Recently a man delivered a new eftpos machine to the school. Intrigued by the space, he started talking to me about Yoga. He was adamant that he “didn’t like stretching”. Once again I became aware of how Yoga is sometimes still misunderstood as being simply physical exercise or just ‘stretching’. I decided I again had to write about what an amazing practice it truly is.
For most, practicing postures is the entry point to Yoga. And yes, one aspect of Yoga is very physical. A practice can feel like a workout – not just stretching. Our body is the ‘temple of our soul’ and unless it is comfortable to live in, we are not mentally or emotionally comfortable either. We need vital energy to flow freely throughout our joints, muscles and organs. Asanas – postures – remove blockages and with it tightness, stiffness, discomfort, and aches and pains. Our organs begin to function more effectively. We can cure or at least improve many, even serious ailments. It is so wonderful to inhabit a well functioning, ‘smiling’ body. It is the pre-requisite for the next steps to come.
FEELINGS & EMOTIONS
The practice of postures turns our awareness inward, and makes us more aware of areas we would not necessarily focus on voluntarily. It brings our attention to feelings and sensations the physical body is expressing. Sometimes an intelligent adjustment of the alignment of, or the approach to some postures, may alleviate some discomfort. There is a good chance that the sensation simply dissolves when looked at more closely. The issue here is that it requires some courage and discipline to allow that level of connection and to go inward more deeply.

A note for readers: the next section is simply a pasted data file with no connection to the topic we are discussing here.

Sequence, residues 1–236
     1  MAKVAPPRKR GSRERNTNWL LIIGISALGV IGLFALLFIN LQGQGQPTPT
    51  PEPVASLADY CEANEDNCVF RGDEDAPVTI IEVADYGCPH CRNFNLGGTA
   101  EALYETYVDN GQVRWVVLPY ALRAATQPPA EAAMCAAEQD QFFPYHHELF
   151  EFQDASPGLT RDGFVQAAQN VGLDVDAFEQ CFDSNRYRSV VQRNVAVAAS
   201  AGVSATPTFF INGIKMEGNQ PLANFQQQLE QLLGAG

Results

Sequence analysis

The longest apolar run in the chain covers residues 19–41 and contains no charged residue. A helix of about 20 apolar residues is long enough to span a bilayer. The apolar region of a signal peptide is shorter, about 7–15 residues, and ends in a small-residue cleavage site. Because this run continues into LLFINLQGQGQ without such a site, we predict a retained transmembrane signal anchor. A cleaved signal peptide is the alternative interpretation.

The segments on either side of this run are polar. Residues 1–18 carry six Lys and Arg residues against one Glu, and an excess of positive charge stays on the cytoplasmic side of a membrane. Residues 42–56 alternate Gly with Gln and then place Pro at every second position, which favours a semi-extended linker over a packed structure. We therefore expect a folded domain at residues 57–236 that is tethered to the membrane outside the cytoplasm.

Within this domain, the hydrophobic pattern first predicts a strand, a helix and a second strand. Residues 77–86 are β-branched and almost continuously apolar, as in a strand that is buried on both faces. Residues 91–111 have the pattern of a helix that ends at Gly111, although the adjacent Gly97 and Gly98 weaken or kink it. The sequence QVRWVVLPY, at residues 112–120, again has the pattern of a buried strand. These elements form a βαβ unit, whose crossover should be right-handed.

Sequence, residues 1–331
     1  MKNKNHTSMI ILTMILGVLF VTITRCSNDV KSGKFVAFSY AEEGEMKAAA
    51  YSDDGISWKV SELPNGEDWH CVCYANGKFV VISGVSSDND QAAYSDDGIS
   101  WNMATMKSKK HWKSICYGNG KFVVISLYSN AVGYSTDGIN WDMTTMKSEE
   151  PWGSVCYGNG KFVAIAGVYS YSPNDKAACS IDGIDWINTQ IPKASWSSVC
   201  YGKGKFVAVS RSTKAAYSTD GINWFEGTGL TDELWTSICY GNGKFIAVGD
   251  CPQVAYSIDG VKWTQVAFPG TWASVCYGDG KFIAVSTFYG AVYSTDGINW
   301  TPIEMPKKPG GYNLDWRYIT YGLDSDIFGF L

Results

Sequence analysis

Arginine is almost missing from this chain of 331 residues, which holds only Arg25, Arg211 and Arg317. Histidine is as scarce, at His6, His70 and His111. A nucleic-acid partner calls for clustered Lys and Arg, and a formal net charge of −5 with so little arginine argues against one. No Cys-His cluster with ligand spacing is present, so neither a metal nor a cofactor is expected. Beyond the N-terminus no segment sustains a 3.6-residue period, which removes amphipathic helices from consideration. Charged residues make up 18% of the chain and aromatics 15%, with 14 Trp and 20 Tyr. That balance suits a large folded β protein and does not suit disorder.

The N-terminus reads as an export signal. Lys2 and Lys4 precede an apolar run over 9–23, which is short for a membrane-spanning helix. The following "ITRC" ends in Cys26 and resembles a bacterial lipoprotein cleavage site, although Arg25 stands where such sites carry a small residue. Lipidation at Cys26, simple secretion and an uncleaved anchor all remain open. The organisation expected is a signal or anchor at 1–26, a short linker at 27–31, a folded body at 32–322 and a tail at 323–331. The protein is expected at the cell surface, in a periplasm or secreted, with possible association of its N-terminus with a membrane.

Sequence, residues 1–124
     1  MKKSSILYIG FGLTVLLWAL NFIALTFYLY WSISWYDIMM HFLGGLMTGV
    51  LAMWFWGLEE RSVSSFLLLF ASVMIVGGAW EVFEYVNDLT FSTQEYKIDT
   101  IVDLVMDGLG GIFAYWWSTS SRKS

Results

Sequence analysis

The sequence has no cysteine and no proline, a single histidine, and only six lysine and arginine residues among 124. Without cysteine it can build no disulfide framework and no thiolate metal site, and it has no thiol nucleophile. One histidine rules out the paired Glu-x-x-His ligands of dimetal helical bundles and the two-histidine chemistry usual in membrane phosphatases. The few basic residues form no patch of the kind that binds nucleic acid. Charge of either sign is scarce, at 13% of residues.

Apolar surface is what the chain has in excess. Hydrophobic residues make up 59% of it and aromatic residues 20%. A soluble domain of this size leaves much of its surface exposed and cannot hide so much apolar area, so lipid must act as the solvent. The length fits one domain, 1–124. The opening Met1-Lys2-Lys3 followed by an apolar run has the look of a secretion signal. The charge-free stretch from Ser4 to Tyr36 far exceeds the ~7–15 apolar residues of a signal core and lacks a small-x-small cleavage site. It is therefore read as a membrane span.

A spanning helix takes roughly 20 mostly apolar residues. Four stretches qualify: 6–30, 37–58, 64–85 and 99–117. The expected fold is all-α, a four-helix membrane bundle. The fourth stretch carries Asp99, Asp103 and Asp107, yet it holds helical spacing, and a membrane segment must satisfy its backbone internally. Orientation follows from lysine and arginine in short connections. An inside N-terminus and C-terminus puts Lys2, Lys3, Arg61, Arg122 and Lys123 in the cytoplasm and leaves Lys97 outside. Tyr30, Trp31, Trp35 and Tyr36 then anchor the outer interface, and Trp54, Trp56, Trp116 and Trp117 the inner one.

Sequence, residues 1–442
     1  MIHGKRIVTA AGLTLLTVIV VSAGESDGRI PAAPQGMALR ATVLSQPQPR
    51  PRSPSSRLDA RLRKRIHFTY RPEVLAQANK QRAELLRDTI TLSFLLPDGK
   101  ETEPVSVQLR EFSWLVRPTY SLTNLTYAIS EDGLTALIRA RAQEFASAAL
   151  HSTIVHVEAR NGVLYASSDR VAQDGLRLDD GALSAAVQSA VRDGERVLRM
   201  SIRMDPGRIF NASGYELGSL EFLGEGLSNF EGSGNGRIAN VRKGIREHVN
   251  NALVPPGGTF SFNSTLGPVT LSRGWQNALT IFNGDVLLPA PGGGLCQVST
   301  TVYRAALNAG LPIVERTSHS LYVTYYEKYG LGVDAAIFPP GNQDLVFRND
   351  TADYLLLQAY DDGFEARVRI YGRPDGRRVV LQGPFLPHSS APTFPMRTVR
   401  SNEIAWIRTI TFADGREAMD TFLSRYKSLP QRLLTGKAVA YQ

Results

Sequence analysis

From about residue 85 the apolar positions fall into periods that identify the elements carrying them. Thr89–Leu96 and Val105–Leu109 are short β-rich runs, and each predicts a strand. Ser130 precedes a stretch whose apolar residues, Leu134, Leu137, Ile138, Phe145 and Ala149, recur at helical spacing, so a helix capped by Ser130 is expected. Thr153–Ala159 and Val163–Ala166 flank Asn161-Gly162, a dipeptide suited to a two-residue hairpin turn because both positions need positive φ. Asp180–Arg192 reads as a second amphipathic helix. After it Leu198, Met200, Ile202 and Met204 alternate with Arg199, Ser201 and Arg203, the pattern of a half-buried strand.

Everything we have experienced in our lives has settled somewhere in the body and left an imprint. Our body is the storehouse of our personal history. With the practice of Yoga, stored emotions can come to the surface. It has the potential to provide us with a release and relief, which can be profound. Yoga certainly brings us in touch with our emotions and teaches us to be honest and acknowledging, when we begin to look at them closer.
Now we have brought our body to a more comfortable place. The level of comfort can certainly vary from person to person, depending on their conditioning. One doesn’t have to be ‘fit and bendy’ to practice Yoga. It helps on the Yoga journey if one is in the position to develop a strong and flexible body, but it is not mandatory.
As yoga postures aren’t purely exercise, but are practiced mindfully and in sync with the breath, they have a wonderfully centring effect on the mind. One develops a surprising level of concentration, mental stamina and strength. Now we might be able to enter the stages of dharana and dhyana i.e. concentration and meditation.
This is where the difference between Yoga and exercise becomes most apparent.
Once we move with the breath and begin to look inward, when we sit still and invite our mind to just be with the breath, we connect with something deep within us; we allow ourselves to get in touch with our wisdom and knowing. The emotions of love, compassion and caring envelops us. This frees up immense joy and lightness, and the feeling that “everything is good as it is” (T.K.V. Desikachar), right at this moment.
Although there have been, are, and always will be difficulties and challenges in our lives, which can “darken our heart” (T.K.V. Desikachar), there are many moments, in which everything is good as it is, and we can allow ourselves to feel joy and contentment. Let’s deal with the difficulties at an appropriate time. Right now is time for practice, connection, fullfillment, abundance and joy. We are allowed and encouraged to experience them in this moment and to their fullest.
Edited by Donna Smullen
P.s. Donna has always edited all of my written newsletters – and quite extensively! I thought it about time I credited her for this.